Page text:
Initiatives trace product origins in bid to tackle deforestation and corruption
MASANORI TOBITA and RURIKA IMAHASHI, Nikkei staff writers April 13, 2019 13:29 JST
LAUSANNE, Switzerland/TOKYO — Moves to improve transparency in commodities trading are spreading in Asia as resource-exporting countries make efforts to tackle deforestation and corruption.
Japanese trading house Itochu has acquired a 19% stake in HeveaConnect, a Singaporean company that runs a marketplace for sustainable natural rubber used in tires. The trading platform is scheduled to begin operation this month.
HeveaConnect ensures the transparency of distribution as it only procures rubber from factories recognized as having sustainable practices and sourcing. Factories are audited based on a stringent 900-point system drawn up by an independent, internationally recognized certification body.
The audits take into account specific criteria, like high performance bench marks in laboratory tests on key properties of natural rubber. On social responsibility, companies must review their environmental practices and impacts twice a year and agree to a 167-question checklist covering human rights, labor practices, fair operating practices and social investments.
Producing countries and rubber companies are under growing pressure to protect the environment as investors and consumers place more weight on the United Nations’ sustainable development goals. Natural rubber is mainly produced in China and Southeast Asia, with Thailand and Indonesia accounting for 60% of global production.
Itochu has formed a capital alliance with HeveaConnect by underwriting the allocation of new shares issued by a subsidiary of Halcyon Agri, a Singapore-based natural rubber producer, for $2.2 million.
HeveaConnect operates a market handling only natural rubber from properly managed factories. The first such market of its kind, HaveaConnect will enable tire makers to quickly source highly traceable rubber.
In another move, a group of palm growers as well as palm oil processors and consumer goods producers came together in September to collectively address sustainability issues, according to an initiative led by Apical Group, the Singapore-based palm oil exporter that also produces palm oil in Indonesia.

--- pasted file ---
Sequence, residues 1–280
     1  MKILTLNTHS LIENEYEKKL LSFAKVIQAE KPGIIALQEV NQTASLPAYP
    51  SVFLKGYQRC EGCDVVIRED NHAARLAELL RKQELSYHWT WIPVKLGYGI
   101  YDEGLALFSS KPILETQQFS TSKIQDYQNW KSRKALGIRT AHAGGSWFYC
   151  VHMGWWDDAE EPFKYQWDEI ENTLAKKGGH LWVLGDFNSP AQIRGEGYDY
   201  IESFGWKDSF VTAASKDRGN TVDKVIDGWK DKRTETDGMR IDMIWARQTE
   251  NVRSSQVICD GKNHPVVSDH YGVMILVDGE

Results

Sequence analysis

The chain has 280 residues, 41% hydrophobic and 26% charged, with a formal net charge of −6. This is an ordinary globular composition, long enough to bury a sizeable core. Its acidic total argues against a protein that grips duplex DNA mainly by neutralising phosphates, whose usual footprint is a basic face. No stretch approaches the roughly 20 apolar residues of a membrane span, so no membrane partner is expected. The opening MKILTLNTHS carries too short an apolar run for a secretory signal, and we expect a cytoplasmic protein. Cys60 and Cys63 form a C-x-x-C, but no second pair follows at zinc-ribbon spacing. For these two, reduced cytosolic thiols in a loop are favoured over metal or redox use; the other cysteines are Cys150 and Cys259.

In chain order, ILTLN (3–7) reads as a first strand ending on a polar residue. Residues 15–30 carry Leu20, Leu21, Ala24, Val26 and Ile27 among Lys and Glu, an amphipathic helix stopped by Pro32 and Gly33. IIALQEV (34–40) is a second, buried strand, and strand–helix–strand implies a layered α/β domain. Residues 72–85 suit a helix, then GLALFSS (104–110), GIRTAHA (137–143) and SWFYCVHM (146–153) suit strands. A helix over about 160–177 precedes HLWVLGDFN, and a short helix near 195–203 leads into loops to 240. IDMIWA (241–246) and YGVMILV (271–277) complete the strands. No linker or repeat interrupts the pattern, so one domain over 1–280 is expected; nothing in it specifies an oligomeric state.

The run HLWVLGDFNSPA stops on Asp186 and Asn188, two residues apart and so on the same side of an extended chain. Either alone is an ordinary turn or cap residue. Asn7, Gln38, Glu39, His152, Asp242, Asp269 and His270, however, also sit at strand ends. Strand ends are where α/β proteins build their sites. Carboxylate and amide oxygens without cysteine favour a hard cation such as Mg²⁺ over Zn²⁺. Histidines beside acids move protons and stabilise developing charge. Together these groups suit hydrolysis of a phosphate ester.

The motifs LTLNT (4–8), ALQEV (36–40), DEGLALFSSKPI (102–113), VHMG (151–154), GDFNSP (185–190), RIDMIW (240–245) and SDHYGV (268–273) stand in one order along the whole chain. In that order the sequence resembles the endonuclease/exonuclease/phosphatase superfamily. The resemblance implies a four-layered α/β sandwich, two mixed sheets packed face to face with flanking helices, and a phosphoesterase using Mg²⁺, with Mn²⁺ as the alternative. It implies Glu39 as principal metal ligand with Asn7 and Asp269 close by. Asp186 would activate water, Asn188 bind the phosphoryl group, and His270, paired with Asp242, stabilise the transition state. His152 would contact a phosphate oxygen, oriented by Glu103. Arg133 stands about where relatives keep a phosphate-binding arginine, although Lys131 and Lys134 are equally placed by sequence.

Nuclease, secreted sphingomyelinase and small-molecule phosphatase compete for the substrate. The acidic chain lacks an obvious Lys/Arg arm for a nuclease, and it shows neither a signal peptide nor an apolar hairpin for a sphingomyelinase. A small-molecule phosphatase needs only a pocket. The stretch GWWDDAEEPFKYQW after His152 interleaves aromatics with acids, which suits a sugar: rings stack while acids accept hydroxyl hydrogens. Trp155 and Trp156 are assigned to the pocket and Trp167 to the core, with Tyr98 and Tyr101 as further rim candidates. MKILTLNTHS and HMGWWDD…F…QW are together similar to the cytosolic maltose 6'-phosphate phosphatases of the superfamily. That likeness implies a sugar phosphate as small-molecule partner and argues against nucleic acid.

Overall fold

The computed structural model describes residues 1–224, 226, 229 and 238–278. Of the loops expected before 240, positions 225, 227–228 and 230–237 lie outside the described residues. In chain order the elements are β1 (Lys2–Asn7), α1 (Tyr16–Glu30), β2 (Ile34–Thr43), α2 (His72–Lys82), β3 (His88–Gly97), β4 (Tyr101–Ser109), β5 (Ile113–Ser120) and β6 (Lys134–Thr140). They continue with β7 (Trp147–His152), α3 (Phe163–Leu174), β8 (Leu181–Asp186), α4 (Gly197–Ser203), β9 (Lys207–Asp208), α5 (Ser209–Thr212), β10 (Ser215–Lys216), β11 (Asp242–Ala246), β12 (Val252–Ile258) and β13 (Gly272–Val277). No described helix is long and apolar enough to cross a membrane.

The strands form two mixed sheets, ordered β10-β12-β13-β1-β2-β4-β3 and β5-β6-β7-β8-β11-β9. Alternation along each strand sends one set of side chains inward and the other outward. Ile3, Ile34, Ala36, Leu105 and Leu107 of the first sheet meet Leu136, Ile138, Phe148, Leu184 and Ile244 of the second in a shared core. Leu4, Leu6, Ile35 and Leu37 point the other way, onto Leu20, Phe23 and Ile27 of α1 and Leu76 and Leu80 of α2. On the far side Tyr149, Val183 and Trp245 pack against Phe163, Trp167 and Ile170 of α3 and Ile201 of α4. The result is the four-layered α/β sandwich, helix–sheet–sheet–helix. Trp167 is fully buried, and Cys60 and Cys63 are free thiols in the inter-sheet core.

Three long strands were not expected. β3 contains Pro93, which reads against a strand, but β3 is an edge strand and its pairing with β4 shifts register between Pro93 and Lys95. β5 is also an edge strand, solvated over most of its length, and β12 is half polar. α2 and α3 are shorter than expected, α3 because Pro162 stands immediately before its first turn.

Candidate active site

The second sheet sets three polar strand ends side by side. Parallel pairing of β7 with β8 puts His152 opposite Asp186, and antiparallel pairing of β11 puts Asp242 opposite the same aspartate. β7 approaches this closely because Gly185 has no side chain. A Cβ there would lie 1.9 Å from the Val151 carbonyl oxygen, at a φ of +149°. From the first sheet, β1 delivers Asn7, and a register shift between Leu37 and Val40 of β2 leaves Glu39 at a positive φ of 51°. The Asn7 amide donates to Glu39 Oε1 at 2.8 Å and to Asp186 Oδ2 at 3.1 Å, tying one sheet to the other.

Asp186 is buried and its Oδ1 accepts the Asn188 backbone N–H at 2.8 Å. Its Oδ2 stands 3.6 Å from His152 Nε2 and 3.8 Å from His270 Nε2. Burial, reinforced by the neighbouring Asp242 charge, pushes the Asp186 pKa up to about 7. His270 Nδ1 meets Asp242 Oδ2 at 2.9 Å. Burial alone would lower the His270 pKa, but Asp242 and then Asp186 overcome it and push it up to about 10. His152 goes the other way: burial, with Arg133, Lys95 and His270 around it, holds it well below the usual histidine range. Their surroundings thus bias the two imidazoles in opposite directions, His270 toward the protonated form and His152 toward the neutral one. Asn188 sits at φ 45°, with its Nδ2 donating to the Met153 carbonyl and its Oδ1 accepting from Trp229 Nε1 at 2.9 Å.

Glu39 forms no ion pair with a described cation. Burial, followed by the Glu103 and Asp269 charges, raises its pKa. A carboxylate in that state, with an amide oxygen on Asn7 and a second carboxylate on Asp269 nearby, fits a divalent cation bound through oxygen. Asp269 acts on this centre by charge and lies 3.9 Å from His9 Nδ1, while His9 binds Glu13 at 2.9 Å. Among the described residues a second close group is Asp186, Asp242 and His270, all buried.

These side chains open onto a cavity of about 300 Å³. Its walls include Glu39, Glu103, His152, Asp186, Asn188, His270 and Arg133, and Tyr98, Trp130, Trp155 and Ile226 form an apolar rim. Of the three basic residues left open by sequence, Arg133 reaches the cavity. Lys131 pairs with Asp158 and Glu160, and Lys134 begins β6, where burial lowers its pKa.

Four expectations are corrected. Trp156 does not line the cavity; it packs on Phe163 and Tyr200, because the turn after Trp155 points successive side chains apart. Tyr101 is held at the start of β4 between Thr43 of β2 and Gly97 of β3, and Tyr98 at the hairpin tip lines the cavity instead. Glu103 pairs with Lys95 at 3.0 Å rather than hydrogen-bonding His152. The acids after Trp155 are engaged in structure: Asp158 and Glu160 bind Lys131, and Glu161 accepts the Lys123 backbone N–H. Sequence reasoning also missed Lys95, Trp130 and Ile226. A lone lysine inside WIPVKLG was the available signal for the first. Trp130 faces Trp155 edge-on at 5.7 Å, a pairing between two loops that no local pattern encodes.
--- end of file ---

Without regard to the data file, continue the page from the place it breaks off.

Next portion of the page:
The group, Sustain, aims “to promote collaboration in solving landscape-level issues by leveraging technology to address shared challenges in the supply chain,” according to Dato’ Yeo How, president of Apical Group.
Palm oil is used in many products, including instant noodles and shampoos. The industry has been heavily criticized for being involved in serious environmental exploitation and deforestation. There is a growing need to make the supply chain more transparent and to increase pressure on farmers who do not take any social responsibility.
Sustain provides “the means for palm oil companies to achieve goals and commitments more effectively and cost-efficiently at landscape level through synergy creation and collaboration among like-minded firms,” according to Bremen Yong, the group’s chairman. It expects to launch a blockchain traceability system by the end of the year.
In 2020, Sustain plans to begin a new phase in which it will monitor for compliance with a strict policy of no deforestation, no peat destruction and no exploitation.
Japan-based Kao was the first consumer goods maker to join the initiative. “How we establish traceability to farms is a big challenge that the whole industry is facing,” said Takashi Matsuse, vice president of global procurement-planning. “Kao wants to contribute to sustainable palm oil supply by taking part in building up the mechanism of traceability.”
At the annual Financial Times Commodity Global Summit held in Lausanne, Switzerland, in March, Fredrik Reinfeldt, chair of the Extractive Industries Transparency Initiative, urged resource producers to make commodity trading more transparent.
EITI is multinational framework that aims to enhance transparency of money flows from extractive industries, including oil, gas and metals, to the governments of countries in which the resources originate. EITI was set up in 2003 and has support from 16 countries.
Since it began monitoring how funds flow from companies involved in the development and trading of natural resources to exporting countries, EITI has established an international network of resource-producing and -consuming countries, and major resources companies.
EITI seeks the disclosure of taxes, royalties and other payments made by companies to governments. Any anomalies suggest fraudulent use of funds.
At the FT summit, James Nicholson of Trafigura Group, the Geneva-based multinational commodity trading company, stressed that corruption must be eradicated from commodity trading. Trafigura and its peers, including British-Swiss miner Glencore, are participants in EITI and have pledged to disclose their payments to governments.